After moving to the Olympic Peninsula for a travel nurse job, I learned quickly that there was a reason why steelhead were referred to as The Fish of a Thousand Casts.

I was at the point where I was just starting to gain confidence in my fly fishing, and the pursuit of this amazing creature humbled me down quickly.
Winter steelheading is not for the light-hearted. It is an addiction, to say the least. It’s waking up before sunrise to get a few hours in before a long work day. It’s spending countless hours in the blistering cold water even when you’ve lost the feeling in your fingers and toes. It’s about spending many nights researching, learning the life cycle of these majestic fish. It’s also about knowing where to find them and how to hunt them. Finally, it’s about certainty. You have to be certain that when you go to make your first cast in the river that it might be your only chance for the day so you can’t mess it up. 

Five fish.
I lost five fish this winter and because of this, my hopes of catching a steelhead were not high. Now I was well aware that people go months without making a connection with one. I told myself, maybe I was lucky enough just being able to catch a glimpse of one. Anyone who has been bitten by steelhead addiction knows that catching one is a challenge. A challenge that only drives you harder, and if finding a steelhead wasn’t hard enough, landing one was just the other half of the equation.

With my fishing, I had reached a point where I was beyond disappointed with myself. Every time I lost a fish I remember thinking, “What am I doing wrong?” I never seemed to have any trouble previously landing fish so why now?

 It wasn’t until a cold morning on an Olympic Peninsula river with my friend and guide, Andy Simon, that it really hit me. I had just hooked and lost another steelhead when he turned to me and said, “Natalie, when you feel that tug you have to stop trout setting and you have to set it like you mean it or they will spit the hook every time.”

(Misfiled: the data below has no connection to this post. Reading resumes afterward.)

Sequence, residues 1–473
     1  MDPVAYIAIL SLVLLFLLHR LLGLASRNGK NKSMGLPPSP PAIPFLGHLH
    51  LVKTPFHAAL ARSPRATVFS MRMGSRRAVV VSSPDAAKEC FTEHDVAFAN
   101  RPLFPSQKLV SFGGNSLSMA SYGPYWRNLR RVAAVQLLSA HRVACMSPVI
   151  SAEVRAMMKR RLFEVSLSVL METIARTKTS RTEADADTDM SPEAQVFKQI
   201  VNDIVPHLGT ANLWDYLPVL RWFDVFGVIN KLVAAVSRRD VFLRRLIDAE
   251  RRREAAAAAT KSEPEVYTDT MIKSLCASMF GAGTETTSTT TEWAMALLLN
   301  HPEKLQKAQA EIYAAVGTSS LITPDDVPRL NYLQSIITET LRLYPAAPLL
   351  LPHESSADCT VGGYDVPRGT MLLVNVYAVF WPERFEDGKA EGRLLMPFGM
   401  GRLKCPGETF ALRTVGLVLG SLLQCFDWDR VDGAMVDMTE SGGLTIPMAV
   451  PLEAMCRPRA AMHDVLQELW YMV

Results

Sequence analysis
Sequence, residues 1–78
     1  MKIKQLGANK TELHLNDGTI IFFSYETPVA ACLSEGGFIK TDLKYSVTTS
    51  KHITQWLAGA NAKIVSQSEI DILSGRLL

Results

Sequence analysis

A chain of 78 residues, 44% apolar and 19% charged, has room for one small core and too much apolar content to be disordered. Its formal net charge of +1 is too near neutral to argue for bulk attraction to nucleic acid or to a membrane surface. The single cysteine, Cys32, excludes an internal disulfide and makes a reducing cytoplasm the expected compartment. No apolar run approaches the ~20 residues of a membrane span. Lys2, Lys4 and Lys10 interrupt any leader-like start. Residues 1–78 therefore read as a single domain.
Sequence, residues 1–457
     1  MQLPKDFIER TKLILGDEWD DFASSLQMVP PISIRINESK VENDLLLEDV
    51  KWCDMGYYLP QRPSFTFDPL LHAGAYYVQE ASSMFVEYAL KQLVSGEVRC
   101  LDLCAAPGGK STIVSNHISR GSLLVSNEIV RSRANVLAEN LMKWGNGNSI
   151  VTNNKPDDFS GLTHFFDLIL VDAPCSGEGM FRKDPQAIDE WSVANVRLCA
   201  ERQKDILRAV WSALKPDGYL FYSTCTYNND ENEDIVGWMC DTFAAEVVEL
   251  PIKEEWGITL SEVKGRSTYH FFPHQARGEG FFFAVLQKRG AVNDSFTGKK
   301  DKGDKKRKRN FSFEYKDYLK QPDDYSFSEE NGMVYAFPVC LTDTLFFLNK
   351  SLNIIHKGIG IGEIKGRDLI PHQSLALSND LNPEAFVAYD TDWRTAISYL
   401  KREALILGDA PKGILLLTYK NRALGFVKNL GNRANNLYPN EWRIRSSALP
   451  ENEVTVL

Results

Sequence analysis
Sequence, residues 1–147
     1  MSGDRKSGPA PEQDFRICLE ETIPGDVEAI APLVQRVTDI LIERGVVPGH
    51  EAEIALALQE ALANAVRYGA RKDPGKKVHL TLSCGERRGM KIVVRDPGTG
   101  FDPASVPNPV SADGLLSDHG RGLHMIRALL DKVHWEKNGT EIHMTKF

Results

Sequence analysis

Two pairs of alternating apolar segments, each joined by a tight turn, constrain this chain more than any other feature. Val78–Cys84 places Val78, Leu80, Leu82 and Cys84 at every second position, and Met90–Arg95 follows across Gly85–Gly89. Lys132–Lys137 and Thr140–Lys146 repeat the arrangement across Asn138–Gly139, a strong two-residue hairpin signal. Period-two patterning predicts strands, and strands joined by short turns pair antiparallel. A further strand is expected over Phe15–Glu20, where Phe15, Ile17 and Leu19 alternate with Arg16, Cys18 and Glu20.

That was all I needed.

After that, I proceeded to gather my line to make one more cast but something was different. For a flicker of a second, I thought about why I loved to fish and not so much about catching a fish.

 I put my heart and soul into that last cast. As I stood there, watching my line unravel before me atop the crystal blue water, I went to make my first mend. It was at that moment that I felt a jolt in my hand. It was an old, familiar feeling that I knew so well. I didn’t have to think twice. I just knew that this time, she was mine.

 

Then something strange happened. I had a blackout moment because I don’t remember getting her to the net nor do I remember holding her in my hands. But I do remember one thing that I’ll never forget. I’ll never forget the excitement I felt when I released her into the cold water so she could continue on her journey or the warmness that spread through me as I watched her swim off.

At the end of it all, I sat there for what felt like an hour with a smile painted across my lips. I thought to myself, “That’s the feeling.” What feeling? The feeling I try to continuously explain when people ask why I love fly fishing.

This article was contributed by Natalie Ulicny, you can find her on Instagram @natalieann425